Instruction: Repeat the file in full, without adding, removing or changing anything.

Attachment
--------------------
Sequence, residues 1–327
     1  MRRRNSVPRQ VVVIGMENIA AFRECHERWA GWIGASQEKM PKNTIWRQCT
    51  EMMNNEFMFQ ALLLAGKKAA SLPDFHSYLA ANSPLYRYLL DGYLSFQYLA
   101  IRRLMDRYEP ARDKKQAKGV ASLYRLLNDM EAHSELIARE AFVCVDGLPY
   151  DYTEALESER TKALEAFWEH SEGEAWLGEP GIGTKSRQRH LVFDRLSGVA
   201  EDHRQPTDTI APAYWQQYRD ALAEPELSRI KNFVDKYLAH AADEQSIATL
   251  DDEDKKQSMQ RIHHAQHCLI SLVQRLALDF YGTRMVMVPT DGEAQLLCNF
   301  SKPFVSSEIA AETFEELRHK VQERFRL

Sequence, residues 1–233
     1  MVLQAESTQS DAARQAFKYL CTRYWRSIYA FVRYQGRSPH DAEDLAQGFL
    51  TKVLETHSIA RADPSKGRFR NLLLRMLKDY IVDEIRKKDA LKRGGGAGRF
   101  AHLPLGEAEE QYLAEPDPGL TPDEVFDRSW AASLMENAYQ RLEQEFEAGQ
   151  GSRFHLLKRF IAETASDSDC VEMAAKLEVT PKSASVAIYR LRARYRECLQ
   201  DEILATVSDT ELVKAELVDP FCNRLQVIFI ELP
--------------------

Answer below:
Sequence, residues 1–327
     1  MRRRNSVPRQ VVVIGMENIA AFRECHERWA GWIGASQEKM PKNTIWRQCT
    51  EMMNNEFMFQ ALLLAGKKAA SLPDFHSYLA ANSPLYRYLL DGYLSFQYLA
   101  IRRLMDRYEP ARDKKQAKGV ASLYRLLNDM EAHSELIARE AFVCVDGLPY
   151  DYTEALESER TKALEAFWEH SEGEAWLGEP GIGTKSRQRH LVFDRLSGVA
   201  EDHRQPTDTI APAYWQQYRD ALAEPELSRI KNFVDKYLAH AADEQSIATL
   251  DDEDKKQSMQ RIHHAQHCLI SLVQRLALDF YGTRMVMVPT DGEAQLLCNF
   301  SKPFVSSEIA AETFEELRHK VQERFRL

Sequence, residues 1–233
     1  MVLQAESTQS DAARQAFKYL CTRYWRSIYA FVRYQGRSPH DAEDLAQGFL
    51  TKVLETHSIA RADPSKGRFR NLLLRMLKDY IVDEIRKKDA LKRGGGAGRF
   101  AHLPLGEAEE QYLAEPDPGL TPDEVFDRSW AASLMENAYQ RLEQEFEAGQ
   151  GSRFHLLKRF IAETASDSDC VEMAAKLEVT PKSASVAIYR LRARYRECLQ
   201  DEILATVSDT ELVKAELVDP FCNRLQVIFI ELP